CHACE: Terry Wohlers is an analyst who's been watching 3-D printing technology since its inception 20 years ago, and he says that's not the right comparison to make. The 3-D printer does not replace what came before it.
TERRY WOHLERS: If you're producing, say, trash cans or stadium seats, you'll more than likely produce them the old way: in Asia using conventional methods of manufacturing.
CHACE: What it is revolutionary, or at least innovative, is how flexible this allows manufacturing to be. Right now, you can only 3-D print out of certain materials. But soon enough, you'll be able to make stuff out of anything. That's how Weijmarshausen, the 3-D printing CEO, sees it.
WEIJMARSHAUSEN: Say you want a T-shirt that is perfect for you. Now, I think in a few years, we can print clothing, and then you can have clothing without sizes, but you have the size that fits you.
CHACE: You don't order a small, medium or large, you order like a Zoe.
CHACE: Just imagine for a second, everything you would want custom made, super cheap, and this is already happening. You fly in planes from Boeing and others with parts in them that have been 3-D printed. Right now there are 30,000 people walking around with 3-D-printed titanium hips inside, way less expensive than they used to be.
WOHLERS: And they're just getting started. The possibilities in orthopedic manufacturing really is almost limitless.
CHACE: In the future, analyst Terry Wohlers says forget about titanium or even cotton. Try human tissue.
WOHLERS: You lose a finger, you print out a new one.
CHACE: Yeah, like, actual body parts, printing out new fingers using your cells.
WOHLERS: Bones and bladders and eventually kidneys and so forth.
CHACE: There's another thing to keep in mind, though, about the arrival of 3-D printing. If the industrial revolutions that we know centralized things gave birth to enormous companies that make a massive amount of things, 3-D printing kind of reverses that process.
CHRIS ANDERSON: What's new is the fact that the most advanced, you know, machines are now as accessible to regular people as they are to the biggest companies.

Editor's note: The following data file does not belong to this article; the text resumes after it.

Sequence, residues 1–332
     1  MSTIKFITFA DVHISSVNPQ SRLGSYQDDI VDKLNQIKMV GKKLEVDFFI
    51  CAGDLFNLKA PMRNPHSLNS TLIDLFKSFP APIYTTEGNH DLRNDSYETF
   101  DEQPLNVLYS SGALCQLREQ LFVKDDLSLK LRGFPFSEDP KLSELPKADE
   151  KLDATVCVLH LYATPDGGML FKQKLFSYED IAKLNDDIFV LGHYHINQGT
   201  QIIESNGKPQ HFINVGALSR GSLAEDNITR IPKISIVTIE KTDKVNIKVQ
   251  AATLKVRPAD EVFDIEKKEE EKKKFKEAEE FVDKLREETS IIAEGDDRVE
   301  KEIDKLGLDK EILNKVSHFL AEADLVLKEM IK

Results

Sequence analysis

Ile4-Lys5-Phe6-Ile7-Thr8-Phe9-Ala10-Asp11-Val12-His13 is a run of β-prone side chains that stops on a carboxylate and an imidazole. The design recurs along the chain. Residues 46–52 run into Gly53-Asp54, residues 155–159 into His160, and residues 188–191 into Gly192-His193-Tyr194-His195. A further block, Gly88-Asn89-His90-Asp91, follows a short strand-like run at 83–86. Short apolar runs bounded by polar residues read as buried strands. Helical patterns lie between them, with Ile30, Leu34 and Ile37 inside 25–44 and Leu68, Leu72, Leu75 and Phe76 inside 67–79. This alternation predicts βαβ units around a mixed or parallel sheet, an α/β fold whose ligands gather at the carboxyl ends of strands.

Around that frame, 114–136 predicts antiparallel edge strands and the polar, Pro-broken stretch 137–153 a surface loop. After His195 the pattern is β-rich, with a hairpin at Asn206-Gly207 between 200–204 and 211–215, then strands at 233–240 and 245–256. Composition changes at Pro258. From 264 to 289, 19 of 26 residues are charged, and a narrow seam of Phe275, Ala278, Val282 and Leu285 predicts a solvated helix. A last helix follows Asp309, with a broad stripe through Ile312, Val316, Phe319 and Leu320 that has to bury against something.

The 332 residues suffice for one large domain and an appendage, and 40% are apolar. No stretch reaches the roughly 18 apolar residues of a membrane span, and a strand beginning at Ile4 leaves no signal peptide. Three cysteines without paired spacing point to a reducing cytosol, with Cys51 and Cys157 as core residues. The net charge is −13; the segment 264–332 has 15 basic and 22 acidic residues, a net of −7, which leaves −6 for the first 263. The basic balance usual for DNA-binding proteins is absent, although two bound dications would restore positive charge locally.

CHACE: Chris Anderson is not strictly a regular guy. He's the former editor of Wired Magazine, now the CEO of a robotics company. He says the 3-D printer democratizes who gets to be in manufacturing. Anybody with a good idea can have a pretty good prototype really cheaply and then bring that product to the masses.
ANDERSON: Taking a product from one to many, taking a product through its entire cycle, from invention to creation and marketing and building a company around it, that just wasn't possible in most of the 20th century because manufacturing was just so hard and inaccessible.
CHACE: So if you want to go into business manufacturing stuff, there is a much lower barrier to entry. Soon enough, Anderson says, you might see 3-D printers showing up at Wal-Mart or Barnes & Noble, on desktops, in the office, whatever. That doesn't mean everybody will do it, but the fact that is now so easy to be the boss of your own factory, that is a pretty revolutionary idea.
ANDERSON: You know, Karl Marx's line that, you know, the power belongs to those who own the means of production. And regular people didn't own the means of production.
CHACE: And isn't it funny how it's working out? It's capitalism that's taken the means of production and turned it into a point-and-click experience for anyone. Zoe Chace, NPR News, New York. Transcript provided by NPR, Copyright NPR.